Five years ago, the Credit Card Act of 2009 was passed as a way to end the worst credit-card abuses. No longer would unsuspecting consumers be as easily victimized by money-hungry banks.
After the Credit Card Act was passed, First Premier began charging consumers a 79.9 percent annual percentage rate—a rate so high it made headlines, including on our sibling site Consumerist.com. (The Credit Card Act didn't restrict the APR, but it did put limits on subprime credit cards with low credit limits and high fees.)
First Premier later lowered the rate (though it remained high), and increased the fees it charged in order for potential customers to open an account. Such upfront fees seemed like a nifty way to get around the limits placed by the Credit Card Act of 2009, but the federal government deemed them part of a consumer’s first year’s costs, and thus violated the Credit Card Act. In 2011, First Premier responded by suing the Fed and to the surprise of many, won the case.
Meanwhile, consumers with poor credit found themselves in an even worse financial predicament than when they first signed up for a First Premier credit card. According to the lawsuit that First Premier filed against the Fed in 2011, roughly 40 percent of First Premier's charges, fees and interest owed is never paid.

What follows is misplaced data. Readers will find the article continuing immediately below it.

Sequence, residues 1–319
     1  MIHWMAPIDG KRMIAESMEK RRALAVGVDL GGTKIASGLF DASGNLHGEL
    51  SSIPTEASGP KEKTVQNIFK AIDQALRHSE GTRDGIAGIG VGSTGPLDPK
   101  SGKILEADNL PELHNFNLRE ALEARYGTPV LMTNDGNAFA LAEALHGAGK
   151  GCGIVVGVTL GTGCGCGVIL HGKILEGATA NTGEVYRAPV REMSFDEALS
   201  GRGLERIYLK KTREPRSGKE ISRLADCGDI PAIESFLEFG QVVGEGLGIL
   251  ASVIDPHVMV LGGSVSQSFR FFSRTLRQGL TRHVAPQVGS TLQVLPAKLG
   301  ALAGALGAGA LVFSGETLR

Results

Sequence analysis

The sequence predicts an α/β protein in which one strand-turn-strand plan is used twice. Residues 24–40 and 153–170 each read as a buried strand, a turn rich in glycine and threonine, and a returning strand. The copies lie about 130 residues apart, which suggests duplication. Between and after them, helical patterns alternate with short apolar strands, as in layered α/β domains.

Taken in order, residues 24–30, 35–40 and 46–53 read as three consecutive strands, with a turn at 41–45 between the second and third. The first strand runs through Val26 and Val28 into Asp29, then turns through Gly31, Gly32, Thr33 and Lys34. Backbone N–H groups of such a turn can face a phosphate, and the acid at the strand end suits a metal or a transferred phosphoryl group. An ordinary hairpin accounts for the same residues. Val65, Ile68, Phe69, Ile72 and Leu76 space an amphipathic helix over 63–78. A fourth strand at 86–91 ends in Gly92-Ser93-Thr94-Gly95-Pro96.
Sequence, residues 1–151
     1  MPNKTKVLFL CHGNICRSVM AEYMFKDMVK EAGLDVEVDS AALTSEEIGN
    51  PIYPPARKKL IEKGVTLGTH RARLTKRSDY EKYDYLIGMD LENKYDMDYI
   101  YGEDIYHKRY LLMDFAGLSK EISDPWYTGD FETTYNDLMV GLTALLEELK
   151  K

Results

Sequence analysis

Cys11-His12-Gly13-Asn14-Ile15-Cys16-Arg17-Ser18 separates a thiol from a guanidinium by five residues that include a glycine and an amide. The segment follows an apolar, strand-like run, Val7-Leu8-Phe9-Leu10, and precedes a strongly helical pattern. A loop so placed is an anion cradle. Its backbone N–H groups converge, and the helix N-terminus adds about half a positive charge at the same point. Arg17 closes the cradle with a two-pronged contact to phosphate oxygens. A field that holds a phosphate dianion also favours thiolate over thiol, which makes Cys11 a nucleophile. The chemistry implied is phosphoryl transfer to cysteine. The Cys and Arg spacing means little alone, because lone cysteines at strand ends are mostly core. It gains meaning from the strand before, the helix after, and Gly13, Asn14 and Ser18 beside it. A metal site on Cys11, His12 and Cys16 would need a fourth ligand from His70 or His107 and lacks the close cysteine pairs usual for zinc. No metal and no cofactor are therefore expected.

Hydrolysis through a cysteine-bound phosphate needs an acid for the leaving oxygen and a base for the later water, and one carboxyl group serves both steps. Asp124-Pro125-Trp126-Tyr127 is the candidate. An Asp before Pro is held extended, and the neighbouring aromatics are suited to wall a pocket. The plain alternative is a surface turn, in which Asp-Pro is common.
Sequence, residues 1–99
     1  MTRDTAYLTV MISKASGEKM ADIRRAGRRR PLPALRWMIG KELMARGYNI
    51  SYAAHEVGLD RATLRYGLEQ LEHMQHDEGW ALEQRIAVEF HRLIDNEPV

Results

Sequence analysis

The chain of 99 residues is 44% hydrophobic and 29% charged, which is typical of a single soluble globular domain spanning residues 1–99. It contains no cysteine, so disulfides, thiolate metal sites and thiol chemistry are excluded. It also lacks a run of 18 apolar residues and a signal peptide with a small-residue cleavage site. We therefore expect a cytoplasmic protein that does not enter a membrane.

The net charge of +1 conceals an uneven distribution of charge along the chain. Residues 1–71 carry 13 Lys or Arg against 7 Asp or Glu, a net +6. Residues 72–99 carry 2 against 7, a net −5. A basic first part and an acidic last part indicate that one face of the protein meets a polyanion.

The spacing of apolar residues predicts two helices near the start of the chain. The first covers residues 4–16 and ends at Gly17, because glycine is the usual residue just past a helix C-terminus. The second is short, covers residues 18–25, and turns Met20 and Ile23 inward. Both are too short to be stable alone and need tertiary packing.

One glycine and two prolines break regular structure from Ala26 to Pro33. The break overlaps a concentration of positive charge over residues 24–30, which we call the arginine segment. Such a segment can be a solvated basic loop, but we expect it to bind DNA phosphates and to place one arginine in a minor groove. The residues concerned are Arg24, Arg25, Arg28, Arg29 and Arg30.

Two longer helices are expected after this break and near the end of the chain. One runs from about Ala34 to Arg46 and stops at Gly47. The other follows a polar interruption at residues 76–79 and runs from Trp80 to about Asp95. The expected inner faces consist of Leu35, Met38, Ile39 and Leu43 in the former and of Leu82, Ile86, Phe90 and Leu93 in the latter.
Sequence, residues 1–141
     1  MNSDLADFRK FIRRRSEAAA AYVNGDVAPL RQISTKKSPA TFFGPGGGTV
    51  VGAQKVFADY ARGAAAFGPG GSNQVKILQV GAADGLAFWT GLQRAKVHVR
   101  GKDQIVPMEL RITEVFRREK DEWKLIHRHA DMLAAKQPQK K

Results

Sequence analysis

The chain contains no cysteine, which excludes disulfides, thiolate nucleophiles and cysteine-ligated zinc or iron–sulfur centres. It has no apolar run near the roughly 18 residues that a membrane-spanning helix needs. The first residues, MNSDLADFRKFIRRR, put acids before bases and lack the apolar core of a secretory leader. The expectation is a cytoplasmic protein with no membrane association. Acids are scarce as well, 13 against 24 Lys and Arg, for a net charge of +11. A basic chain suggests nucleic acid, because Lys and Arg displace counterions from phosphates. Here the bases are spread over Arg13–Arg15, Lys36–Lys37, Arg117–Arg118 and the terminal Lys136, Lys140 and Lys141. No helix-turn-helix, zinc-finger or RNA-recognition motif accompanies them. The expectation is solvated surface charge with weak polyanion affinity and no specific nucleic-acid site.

Time will tell whether CardHub can continue to post First Premier’s rates on its site—clearly a useful service for consumers. It's notable that two similar credit-card comparison websites, NerdWallet and Credit Karma, do not provide First Premier’s fees, rates and terms on their sites.
Bottom line: Be aware that there are aggressive banks just aching to sign you up for a very expensive credit card. If you are in the market for a credit card—any kind of credit card—scour the terms before applying.
What you can do
Look for alternative cards. If you need to start rebuilding your credit, look for cards besides those offered by First Premier and other such banks. You’ll find, if you have poor credit, that just about all cards available to you come with high interest rates, though not as high as the rates charged by First Premier. The Capital One Secured Card, for instance, carries an APR of 22.9 percent, a low annual fee of $29, and a credit line of $200 to $3,000 depending on much you put down as a deposit.
Consider a credit union. Even if you don’t have financial difficulties, consider getting a credit card from a credit union instead of a bank. Fees and interest rates tend to be lower.Read the fine print. It can be difficult to understand what you are signing up for, what the fees are, and when payments are due. Know your rights. If a fee is listed, there must be a reason for it as well. There can’t be any hidden fees and other terms, such as the grace period and the annual percentage rate, must be spelled out. If you sign up for a card that is being promoted because of its rate, that rate must remain in effect for at least 6 months. Don’t accept an interest rate increase unless you have been given 45 days notice. —Nikhil Hutheesing